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Strategies for Coping with Parasite Larvae on Pastures in the Springtime in Ohio

Veterinary Preventive Medicine
William P. Shulaw, DVM, MS, Diplomate ACVPM, Extension Veterinarian, Cattle and Sheep, Ohio State University Extension, Veterinary Medicine
Rory Lewandowski, MS, Extension Educator, Ohio State University Extension, Wayne County
Jeff McCutcheon, MS, Extension Educator, Ohio State University Extension, Morrow County
Joyce G. Foster, PhD, Research Biochemist, USDA, Agricultural Research Service, Appalachian Farming Systems Research Center

Contrary to what many people think, the infective larval forms of many internal parasites of sheep and goats can survive surprisingly well through our cold winters on typical pastures here in Ohio. On-farm research conducted in the past few years at several locations in Ohio has reconfirmed that overwintered larvae can create heavy worm burdens in ewes and lambs, and this can result in severe disease as early as mid-June. In addition, adult animals can provide a new generation of infective larvae in the spring with the eggs they deposit on pastures in their manure. For farms that use permanent pastures for lactating ewes and young lambs in the springtime, managing these larvae presents a serious challenge. Research conducted in the early 1980s in Ohio suggested several approaches to managing these parasites, but they relied heavily on routine use of dewormers on all animals at strategic time points.1 We now discourage use of these approaches because they are known to select for dewormer resistant worms, a problem that is widely recognized as the most significant threat to raising sheep in pasture settings. Some alternative strategies incorporating newer concepts of parasite control may be sustainable with less potential for resistant worm selection.

Basic Biology Lambs on a pasture with the worm life cycle in front of it depciting eggs, larvae, and mature adult worms.

The life cycle of the important worms inhabiting the stomach and intestines of sheep is relatively straightforward. The adult worms expel eggs that pass out of the sheep in the manure. Under favorable conditions, these eggs hatch into very small larvae that go through two molts to become third-stage larvae that are the only stage that is infective for sheep. The infective larvae move up the forage a short ways in films of moisture and are consumed with the herbage grazed by animals. In the animal's body, these larvae penetrate the stomach (abomasum) or intestinal wall and continue to develop for a short time. They then leave the tissue as immature worms and continue to mature into adults in the abomasum and intestines. Worms typically suck blood or damage the stomach and intestinal wall which leads to poor growth and diarrhea. For the most deadly worm we have to deal with, Haemonchus contortus or the "barber pole worm," the entire cycle can be completed in as little as 23–25 days.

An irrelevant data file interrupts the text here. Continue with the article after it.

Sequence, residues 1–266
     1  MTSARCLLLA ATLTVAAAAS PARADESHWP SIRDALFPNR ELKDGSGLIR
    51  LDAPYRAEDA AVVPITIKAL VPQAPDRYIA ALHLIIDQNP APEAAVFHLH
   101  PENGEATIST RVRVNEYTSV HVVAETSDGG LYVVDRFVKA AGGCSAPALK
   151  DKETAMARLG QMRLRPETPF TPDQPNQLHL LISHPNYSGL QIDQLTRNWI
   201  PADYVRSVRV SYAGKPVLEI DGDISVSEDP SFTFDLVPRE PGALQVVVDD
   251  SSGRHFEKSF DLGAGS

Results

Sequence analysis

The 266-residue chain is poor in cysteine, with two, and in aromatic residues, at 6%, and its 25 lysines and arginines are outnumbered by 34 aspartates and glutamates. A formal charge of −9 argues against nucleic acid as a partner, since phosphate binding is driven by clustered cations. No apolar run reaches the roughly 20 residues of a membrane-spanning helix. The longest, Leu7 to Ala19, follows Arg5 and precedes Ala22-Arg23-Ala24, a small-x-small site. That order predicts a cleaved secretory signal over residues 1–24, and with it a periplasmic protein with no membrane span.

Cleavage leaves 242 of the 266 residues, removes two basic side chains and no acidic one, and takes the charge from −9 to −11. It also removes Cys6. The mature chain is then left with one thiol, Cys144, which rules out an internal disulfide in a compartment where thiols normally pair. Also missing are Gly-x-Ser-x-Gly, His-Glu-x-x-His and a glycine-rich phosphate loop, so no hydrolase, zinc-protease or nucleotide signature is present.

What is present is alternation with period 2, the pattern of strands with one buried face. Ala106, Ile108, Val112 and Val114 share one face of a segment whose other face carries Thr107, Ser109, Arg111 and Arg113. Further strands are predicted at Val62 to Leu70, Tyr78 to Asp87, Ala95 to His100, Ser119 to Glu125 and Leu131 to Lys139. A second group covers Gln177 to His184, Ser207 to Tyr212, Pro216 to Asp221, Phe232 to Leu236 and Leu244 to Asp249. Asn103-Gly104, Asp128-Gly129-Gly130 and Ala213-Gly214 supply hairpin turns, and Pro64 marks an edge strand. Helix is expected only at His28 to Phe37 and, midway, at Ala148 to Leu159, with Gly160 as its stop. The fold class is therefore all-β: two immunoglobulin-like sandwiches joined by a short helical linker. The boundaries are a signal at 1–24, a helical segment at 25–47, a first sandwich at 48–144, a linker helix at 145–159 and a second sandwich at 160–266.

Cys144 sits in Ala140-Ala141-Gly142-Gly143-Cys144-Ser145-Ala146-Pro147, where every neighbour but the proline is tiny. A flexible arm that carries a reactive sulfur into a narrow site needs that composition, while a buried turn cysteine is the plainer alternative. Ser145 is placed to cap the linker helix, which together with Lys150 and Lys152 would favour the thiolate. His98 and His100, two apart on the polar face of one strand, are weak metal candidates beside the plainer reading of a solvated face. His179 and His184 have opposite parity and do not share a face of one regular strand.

Egg hatching, larval development, and survival outside the animal are dependent on warm temperatures and adequate moisture. These conditions are usually present from mid-April to October with the most favorable time being June through mid-September. Eggs deposited during cold weather usually do not hatch, and the first two larval stages after hatching are very susceptible to drying and cold. This is largely why we see a break in the cycle of parasitism during colder weather in temperate climates like ours.

Although the eggs and first two stages of larvae are very susceptible to drying and freezing temperatures on pastures, the third-stage infective larvae are more resistant. If they are protected from drying by soil moisture and organic debris from late fall through the winter, significant numbers of them may survive until spring. However, because they do not feed and must live on stored energy, most of these larvae will be dead by July of the year following their development from eggs.

A special feature of the life cycle typically begins in late summer and fall. At this time infective larvae consumed by sheep, especially adult and young adult animals, may penetrate the wall of the abomasum (fourth stomach compartment), but then they go into a resting phase instead of continuing to develop. They are then referred to as larvae in "arrested development" or in "hypobiosis," and they do not suck blood or feed on gastrointestinal tissues. In studies conducted in 1977–1979 near Wooster, Ohio, as much as 90% of the Haemonchus worm burden in sheep was in hypobiosis by late November.2,3 These "hypobiotic" larvae typically resume their development and become adult, egg-laying worms in the spring—especially around lambing time when milk production begins and the ewe's immune system isn't fully functional. This phenomenon is called the "periparturient rise" in worm egg counts. These newly developed adult worms produce eggs that contaminate spring pastures and thus ensure a new generation of worms for lambs and ewes to acquire.4 As milk production decreases approaching weaning, egg counts in ewes usually fall rapidly to low levels as the ewe's immune system returns to normal.